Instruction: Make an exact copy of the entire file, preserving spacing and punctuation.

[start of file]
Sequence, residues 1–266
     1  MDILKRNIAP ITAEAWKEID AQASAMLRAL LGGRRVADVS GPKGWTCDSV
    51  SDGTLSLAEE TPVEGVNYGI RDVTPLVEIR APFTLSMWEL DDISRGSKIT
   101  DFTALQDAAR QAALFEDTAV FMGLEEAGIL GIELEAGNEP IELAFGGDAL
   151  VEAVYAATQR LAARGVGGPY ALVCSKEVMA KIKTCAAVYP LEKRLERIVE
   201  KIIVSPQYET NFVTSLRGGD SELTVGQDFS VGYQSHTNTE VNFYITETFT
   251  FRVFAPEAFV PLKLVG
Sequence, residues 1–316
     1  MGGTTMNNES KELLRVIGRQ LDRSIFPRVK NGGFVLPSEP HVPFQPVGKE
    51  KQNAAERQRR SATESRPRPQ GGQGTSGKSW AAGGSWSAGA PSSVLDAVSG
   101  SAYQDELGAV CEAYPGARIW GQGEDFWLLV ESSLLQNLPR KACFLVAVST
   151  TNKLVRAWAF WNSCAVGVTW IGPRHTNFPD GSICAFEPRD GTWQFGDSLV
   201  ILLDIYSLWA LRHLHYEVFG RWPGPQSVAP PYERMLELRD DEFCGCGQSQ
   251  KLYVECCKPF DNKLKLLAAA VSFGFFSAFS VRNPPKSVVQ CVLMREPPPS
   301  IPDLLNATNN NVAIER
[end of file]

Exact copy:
Sequence, residues 1–266
     1  MDILKRNIAP ITAEAWKEID AQASAMLRAL LGGRRVADVS GPKGWTCDSV
    51  SDGTLSLAEE TPVEGVNYGI RDVTPLVEIR APFTLSMWEL DDISRGSKIT
   101  DFTALQDAAR QAALFEDTAV FMGLEEAGIL GIELEAGNEP IELAFGGDAL
   151  VEAVYAATQR LAARGVGGPY ALVCSKEVMA KIKTCAAVYP LEKRLERIVE
   201  KIIVSPQYET NFVTSLRGGD SELTVGQDFS VGYQSHTNTE VNFYITETFT
   251  FRVFAPEAFV PLKLVG
Sequence, residues 1–316
     1  MGGTTMNNES KELLRVIGRQ LDRSIFPRVK NGGFVLPSEP HVPFQPVGKE
    51  KQNAAERQRR SATESRPRPQ GGQGTSGKSW AAGGSWSAGA PSSVLDAVSG
   101  SAYQDELGAV CEAYPGARIW GQGEDFWLLV ESSLLQNLPR KACFLVAVST
   151  TNKLVRAWAF WNSCAVGVTW IGPRHTNFPD GSICAFEPRD GTWQFGDSLV
   201  ILLDIYSLWA LRHLHYEVFG RWPGPQSVAP PYERMLELRD DEFCGCGQSQ
   251  KLYVECCKPF DNKLKLLAAA VSFGFFSAFS VRNPPKSVVQ CVLMREPPPS
   301  IPDLLNATNN NVAIER